At Wesleyan our mission statement reminds us that we aim to prepare students “to explore the world with a variety of tools.” Diversity is an aspect of the world we expect our students to explore, turning it into an asset they can use. We expect graduates to have completed a course of study in the liberal arts that will enable them to see differences among people as a powerful tool for solving problems and seeking opportunities. We expect graduates to embrace diversity as a source of lifelong learning, personal fulfillment, and creative possibility. Selective universities want to shape a student body that maximizes each undergraduate’s ability to go beyond his or her comfort zone to draw on resources from the most familiar and the most unexpected places.
As the Supreme Court considers Fisher vs. the University of Texas, it is crucial that the justices continue to allow universities to consider race and ethnicity within a holistic admissions process that aims to create a student body that maximizes learning. University admissions programs are not the place to promote partisan visions of social justice, but they are the place to produce the most dynamic and profound learning environments. It would be an enormous step backward to force our admissions offices to retreat to a homogeneity that stifles creative, broad-based education.
For the last four years or so, we have been making a great effort to emphasize some of Wesleyan’s traditional strengths. For example, Wes students are known as having intense political concerns, and we have tried to find ways of making the curriculum more responsive to those interests. The Civic Engagement Certificate and many of the activities of the Allbritton Center for the Study of Public Life, the Patricelli Center for Social Entrepreneurship and the Center for Community Partnerships are helping our students find ways to make a difference in the public sphere. Provost Rob Rosenthal often speaks of the “engaged university,” and we are making progress in linking engagement with educational content.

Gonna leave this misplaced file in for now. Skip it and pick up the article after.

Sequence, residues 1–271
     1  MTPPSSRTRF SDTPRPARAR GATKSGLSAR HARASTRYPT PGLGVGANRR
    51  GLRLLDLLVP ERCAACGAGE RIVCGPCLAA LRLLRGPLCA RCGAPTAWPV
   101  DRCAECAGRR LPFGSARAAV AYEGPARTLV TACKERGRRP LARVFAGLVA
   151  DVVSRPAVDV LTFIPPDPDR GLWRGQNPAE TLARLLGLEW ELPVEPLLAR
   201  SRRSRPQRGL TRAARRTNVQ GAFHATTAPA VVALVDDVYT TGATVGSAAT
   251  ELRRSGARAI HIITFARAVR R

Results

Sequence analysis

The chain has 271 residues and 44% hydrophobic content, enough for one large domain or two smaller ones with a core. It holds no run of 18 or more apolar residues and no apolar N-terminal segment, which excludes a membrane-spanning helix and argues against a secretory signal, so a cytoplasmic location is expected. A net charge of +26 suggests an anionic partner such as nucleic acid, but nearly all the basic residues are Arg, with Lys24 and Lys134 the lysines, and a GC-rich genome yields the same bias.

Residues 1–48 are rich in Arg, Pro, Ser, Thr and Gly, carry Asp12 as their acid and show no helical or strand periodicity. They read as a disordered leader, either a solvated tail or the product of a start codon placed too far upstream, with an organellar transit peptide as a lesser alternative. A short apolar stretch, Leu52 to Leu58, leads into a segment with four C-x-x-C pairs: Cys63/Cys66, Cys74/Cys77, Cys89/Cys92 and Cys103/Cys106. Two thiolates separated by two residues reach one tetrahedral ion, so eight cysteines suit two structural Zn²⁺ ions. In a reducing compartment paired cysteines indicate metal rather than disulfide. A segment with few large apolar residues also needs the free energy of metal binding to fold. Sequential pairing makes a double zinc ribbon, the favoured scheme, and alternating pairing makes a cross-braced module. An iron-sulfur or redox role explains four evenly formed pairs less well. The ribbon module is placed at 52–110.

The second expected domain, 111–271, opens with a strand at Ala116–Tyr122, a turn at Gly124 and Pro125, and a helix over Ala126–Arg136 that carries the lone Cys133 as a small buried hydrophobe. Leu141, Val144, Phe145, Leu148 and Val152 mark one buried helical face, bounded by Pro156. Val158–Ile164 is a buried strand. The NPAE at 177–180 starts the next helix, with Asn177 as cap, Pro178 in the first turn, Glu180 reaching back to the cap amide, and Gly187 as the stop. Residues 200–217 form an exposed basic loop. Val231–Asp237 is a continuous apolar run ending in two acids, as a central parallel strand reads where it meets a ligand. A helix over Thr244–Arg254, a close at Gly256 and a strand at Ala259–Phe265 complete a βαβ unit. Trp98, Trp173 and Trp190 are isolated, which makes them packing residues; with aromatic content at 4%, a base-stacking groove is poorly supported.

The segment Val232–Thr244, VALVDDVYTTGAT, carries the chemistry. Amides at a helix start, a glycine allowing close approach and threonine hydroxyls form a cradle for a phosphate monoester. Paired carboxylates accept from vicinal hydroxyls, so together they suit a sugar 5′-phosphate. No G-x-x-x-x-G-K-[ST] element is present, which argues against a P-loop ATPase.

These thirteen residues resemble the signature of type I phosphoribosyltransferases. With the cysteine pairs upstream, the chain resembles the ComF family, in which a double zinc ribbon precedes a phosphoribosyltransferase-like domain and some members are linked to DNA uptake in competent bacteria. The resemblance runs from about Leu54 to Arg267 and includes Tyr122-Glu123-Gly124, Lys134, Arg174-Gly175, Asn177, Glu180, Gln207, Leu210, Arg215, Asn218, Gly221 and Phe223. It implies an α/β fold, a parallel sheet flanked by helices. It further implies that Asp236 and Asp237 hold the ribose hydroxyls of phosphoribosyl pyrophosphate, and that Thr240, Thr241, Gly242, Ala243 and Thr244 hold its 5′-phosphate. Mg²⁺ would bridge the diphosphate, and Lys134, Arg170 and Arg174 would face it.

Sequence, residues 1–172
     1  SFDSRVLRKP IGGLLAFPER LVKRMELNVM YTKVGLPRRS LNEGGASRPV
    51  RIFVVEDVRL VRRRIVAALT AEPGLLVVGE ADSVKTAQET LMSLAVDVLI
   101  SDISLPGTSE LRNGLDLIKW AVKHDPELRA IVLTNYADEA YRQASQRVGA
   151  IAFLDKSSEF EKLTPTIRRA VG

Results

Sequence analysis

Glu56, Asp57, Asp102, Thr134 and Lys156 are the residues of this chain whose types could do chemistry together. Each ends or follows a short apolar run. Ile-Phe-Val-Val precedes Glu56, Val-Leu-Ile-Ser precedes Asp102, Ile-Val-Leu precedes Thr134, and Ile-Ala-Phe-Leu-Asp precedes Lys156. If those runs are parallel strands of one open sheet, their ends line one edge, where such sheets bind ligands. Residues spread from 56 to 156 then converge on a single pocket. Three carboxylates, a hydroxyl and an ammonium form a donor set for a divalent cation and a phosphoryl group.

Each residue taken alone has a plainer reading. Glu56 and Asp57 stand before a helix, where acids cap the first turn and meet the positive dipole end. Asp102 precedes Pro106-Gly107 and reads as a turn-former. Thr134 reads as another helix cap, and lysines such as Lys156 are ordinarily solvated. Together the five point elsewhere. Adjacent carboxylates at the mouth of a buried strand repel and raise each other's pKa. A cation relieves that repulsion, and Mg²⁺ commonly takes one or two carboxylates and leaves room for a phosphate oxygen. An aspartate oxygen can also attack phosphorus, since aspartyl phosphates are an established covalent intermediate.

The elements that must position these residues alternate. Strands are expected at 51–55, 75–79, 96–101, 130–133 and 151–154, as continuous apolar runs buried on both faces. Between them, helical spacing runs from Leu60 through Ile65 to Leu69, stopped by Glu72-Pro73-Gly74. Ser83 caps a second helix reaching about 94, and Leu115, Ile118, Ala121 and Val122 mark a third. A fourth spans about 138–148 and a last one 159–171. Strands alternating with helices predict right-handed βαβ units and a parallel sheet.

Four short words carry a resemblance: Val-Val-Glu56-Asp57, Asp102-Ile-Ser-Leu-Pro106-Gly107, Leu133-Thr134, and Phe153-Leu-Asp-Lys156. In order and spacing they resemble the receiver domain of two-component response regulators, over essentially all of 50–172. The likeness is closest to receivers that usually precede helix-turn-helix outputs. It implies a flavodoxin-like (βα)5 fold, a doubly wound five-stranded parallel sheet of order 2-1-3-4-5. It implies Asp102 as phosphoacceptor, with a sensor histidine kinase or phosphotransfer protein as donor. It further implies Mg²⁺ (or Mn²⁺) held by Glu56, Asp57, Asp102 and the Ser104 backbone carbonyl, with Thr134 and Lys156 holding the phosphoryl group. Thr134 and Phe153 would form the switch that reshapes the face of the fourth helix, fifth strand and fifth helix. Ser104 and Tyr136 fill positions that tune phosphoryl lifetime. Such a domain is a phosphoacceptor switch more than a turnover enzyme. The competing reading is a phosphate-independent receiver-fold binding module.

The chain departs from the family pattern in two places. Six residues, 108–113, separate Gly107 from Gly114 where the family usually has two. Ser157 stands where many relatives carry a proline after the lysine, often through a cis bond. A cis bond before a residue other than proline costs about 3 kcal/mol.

Wesleyan students also are known for great creativity. Whether in Film Studies or Biology, the study of religion or the practice of artistic performance, Wesleyan students are innovative and productive. Nowhere is that more apparent than in musical performance. On Saturday night Jubilee was inspiring an audience in the Crowell Concert Hall, while in Memorial Chapel Aaron Peisner ’12 led a terrific chorus as part of his senior thesis work. Aaron had prepared choral music that spanned four centuries and several languages. The singers joined together in a labor of affection, intelligence and joy.
I’ve wanted to make sure that our curriculum is responsive to this energy from the student body. Last year I asked Charles Salas, Director of Strategic Initiatives, to think about how we should pursue the objective in Wesleyan 2020 of spurring creativity and innovation across the university. He decided to focus on the disciplines represented in our curriculum. The term “creativity,” of course, can be vague. One department’s view can be quite different from another’s, so Charles met with a number of programs and asked them what creativity meant in their worlds and how they felt that they enhanced the creative capacities of their students. I hope many of you will read the full report, which gives a great sense of the discussions. Here’s the final paragraph, which gives a taste of what he found: